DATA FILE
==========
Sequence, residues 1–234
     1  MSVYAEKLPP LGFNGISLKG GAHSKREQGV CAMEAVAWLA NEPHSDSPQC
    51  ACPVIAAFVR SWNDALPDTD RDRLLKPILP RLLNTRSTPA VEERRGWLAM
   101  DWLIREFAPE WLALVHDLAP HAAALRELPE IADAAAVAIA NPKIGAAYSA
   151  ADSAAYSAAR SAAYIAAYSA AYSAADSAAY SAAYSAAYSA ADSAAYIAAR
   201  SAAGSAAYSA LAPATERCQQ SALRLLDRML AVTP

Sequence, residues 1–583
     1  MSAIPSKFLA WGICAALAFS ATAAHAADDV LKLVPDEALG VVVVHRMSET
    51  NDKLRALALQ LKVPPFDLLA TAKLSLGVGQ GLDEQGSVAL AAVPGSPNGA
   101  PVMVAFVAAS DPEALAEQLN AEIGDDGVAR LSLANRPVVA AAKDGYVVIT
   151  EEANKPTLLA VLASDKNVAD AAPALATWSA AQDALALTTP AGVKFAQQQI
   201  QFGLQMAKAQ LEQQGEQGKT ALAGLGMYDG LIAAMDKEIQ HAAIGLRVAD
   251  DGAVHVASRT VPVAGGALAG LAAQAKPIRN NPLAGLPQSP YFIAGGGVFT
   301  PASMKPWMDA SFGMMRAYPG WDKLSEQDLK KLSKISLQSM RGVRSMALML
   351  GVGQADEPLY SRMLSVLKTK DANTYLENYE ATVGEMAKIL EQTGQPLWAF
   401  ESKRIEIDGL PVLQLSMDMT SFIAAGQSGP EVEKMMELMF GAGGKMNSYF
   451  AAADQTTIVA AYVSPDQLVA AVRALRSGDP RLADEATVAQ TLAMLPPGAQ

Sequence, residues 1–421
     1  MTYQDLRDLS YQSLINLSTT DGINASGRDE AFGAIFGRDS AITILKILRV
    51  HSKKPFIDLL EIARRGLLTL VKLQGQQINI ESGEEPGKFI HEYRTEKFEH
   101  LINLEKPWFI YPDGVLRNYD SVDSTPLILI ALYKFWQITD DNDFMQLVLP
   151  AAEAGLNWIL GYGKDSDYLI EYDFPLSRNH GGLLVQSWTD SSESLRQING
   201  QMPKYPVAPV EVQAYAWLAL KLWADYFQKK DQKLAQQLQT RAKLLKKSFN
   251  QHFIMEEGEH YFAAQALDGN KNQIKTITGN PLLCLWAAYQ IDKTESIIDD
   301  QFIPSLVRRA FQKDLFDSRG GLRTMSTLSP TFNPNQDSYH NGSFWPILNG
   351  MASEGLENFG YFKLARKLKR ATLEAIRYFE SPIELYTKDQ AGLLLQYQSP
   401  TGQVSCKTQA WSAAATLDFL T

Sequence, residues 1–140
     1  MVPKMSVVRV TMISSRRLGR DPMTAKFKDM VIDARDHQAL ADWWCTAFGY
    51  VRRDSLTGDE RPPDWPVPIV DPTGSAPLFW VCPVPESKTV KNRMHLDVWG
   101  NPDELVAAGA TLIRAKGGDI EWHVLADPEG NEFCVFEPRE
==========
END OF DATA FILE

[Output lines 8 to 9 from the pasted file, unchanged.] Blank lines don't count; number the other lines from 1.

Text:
     1  MSAIPSKFLA WGICAALAFS ATAAHAADDV LKLVPDEALG VVVVHRMSET
    51  NDKLRALALQ LKVPPFDLLA TAKLSLGVGQ GLDEQGSVAL AAVPGSPNGA